How your dollar goes further in emerging economies

On my recent holidays, I visited Peru, enjoying the delicious cuisine and tourist attractions such as Machu Picchu in Cusco, Colca’s Canyon in Arequipa, and cheaper services relative to Australia, such as haircuts, dental appointments, eye tests, taxi rides, among others. For instance, a premium haircut in a wealthy neighbourhood in Lima that includes a cold beer, washed hair and product on your hair was 60 Peruvian soles (equivalent to US$16.10 ). Conversely, in Brisbane, a similar premium service is about $70 (equivalent to US$46.10) (1).    

The same service is approximately 2.9 times more expensive at market exchange rates in Brisbane than in Lima. But what determines this price disparity? What does it mean in terms of overall well-being?  Luckily, renowned economists have offered explanations for different price levels across economies that will be discussed in the following paragraphs.  

The Balassa-Samuelson hypothesis

The economic rationale for prices in poorer countries being lower than those in richer countries is based on the Balassa-Samuelson hypothesis, named after its independent discoverers, the Hungarian economist Bela Balassa and the Nobel-Prize-winning US economist Paul Samuelson. This hypothesis is based on the observation that wealthier countries are more productive in the tradable sector (e.g. Australian agricultural goods such as wine and barley compared with Peruvian similar goods) than less wealthy countries. This will increase the relative price (and wages) in the non-tradable sector (e.g. Australian barbershops), resulting in higher prices in the richer economy than in the poorer economy. This is because the more efficient tradable sector competes with the non-tradable sector for labour, pushing up wages.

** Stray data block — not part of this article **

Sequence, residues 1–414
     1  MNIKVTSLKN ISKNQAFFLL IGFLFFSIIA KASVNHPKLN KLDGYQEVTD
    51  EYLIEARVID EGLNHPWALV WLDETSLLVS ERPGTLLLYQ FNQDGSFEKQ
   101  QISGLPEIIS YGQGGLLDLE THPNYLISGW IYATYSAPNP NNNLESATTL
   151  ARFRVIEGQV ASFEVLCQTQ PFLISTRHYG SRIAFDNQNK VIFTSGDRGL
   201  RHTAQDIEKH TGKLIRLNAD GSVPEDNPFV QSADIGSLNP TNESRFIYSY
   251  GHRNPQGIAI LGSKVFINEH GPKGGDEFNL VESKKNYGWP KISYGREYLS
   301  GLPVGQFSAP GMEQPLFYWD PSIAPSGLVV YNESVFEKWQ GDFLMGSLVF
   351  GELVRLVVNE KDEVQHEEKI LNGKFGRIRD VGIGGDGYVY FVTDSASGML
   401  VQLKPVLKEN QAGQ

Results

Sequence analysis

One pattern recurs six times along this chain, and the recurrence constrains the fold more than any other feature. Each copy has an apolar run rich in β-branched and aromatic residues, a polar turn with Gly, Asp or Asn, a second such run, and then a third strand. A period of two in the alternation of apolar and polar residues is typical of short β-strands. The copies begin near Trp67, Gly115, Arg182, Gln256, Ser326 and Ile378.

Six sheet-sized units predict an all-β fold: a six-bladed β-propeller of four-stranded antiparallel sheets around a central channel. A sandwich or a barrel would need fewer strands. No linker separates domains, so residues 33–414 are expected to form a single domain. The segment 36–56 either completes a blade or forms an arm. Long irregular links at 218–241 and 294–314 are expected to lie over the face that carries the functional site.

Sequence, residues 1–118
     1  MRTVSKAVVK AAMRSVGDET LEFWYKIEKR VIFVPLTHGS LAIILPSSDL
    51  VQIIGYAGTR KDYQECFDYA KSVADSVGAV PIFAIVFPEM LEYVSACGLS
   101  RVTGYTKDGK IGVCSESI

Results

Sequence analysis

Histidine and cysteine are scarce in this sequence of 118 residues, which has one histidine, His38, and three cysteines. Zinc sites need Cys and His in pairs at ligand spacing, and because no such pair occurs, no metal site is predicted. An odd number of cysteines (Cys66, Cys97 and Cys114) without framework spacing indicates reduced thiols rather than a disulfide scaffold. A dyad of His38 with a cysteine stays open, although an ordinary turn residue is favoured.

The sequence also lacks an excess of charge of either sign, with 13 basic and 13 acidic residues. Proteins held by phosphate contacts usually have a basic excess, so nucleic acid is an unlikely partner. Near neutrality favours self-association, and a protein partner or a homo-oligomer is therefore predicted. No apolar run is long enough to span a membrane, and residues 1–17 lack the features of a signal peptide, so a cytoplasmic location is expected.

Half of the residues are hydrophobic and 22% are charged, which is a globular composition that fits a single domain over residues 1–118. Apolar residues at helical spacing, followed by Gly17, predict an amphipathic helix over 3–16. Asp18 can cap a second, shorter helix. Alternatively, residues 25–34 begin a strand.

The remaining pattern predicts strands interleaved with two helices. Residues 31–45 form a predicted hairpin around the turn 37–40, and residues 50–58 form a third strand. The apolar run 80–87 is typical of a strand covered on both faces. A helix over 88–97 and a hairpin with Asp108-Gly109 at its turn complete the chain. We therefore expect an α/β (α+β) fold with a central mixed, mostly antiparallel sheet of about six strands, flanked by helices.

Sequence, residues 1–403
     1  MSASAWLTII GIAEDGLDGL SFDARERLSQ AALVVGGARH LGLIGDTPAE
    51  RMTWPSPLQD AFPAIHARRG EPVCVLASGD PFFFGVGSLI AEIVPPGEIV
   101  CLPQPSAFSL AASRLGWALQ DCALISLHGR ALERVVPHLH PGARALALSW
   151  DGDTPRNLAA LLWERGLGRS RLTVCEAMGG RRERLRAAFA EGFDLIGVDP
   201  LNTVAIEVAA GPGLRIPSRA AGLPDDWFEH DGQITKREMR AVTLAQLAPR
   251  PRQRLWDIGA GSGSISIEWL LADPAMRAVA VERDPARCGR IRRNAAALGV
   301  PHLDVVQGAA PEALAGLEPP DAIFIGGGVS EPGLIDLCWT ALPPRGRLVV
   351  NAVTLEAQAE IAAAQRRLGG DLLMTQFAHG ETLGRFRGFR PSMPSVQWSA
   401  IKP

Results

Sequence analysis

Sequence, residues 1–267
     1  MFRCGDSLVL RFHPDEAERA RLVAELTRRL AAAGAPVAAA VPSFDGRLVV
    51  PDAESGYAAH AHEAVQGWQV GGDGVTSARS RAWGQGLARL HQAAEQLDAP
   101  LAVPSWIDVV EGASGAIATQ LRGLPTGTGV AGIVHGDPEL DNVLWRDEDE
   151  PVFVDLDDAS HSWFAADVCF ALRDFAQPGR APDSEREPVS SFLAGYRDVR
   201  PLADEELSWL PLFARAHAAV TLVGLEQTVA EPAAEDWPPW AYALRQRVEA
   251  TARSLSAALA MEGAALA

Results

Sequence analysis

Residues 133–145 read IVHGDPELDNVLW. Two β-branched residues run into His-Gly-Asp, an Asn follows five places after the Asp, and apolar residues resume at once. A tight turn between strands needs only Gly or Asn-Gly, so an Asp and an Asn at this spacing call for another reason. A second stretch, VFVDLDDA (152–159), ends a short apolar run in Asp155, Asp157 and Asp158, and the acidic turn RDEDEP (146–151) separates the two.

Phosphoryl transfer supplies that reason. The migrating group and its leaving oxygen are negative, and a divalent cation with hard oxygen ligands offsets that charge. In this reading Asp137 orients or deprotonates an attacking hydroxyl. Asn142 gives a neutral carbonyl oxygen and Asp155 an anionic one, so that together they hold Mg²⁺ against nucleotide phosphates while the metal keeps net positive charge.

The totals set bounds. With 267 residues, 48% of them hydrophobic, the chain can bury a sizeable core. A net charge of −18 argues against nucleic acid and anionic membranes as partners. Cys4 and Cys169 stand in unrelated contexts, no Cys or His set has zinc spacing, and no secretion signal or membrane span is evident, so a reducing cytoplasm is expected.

The Balassa-Samuelson hypothesis is considered an empirical regularity, also known as the Penn-Balassa-Samuelson effect. This consists of the positive correlation between price levels and income per capita across countries (see Figure 1 for barbershop costs and GDP per capita). This effect applies across a broad range of countries. The empirical fact does not hold among low-income countries specifically because they possess a greater heterogeneity in terms of structural factors (e.g. infrastructure, transport costs, etc.), as noted by a senior economist at the Bank of Italy, Fadi Hassan (2).  

Figure 1. GDP per capita and men’s average barbershop prices in 2022

Source: IMF for GDP per capita and NetCredit for the average barbershop prices.

While most non-tradable products and services are cheaper in low-income economies, others may be more expensive. For example, in Lima, Peru, an important gastronomic destination where four restaurants are included in the World’s 50 best restaurants, some restaurants charge more for gourmet sampling menus than restaurants offering a similar service in Brisbane. Therefore, other granular factors such as wages, rents, and supply and demand characteristics, among other things, are needed to explain price disparities between both cities comprehensively. 

Market exchange rates versus Purchasing Power Parity exchange rates

Because of the lower relative prices of non-traded goods and services in emerging economies compared with advanced economies (e.g. Australia versus Peru or China), using market exchange rates, we would get an inaccurate idea of the purchasing power of the emerging economy. This is because a market exchange rate does not reflect the lower cost of non-traded goods and services (e.g. haircuts) in emerging economies. Hence, the well-being of emerging economies is underestimated. A more accurate picture emerges if we use what are known as Purchasing Power Parity (PPP) exchange rates instead.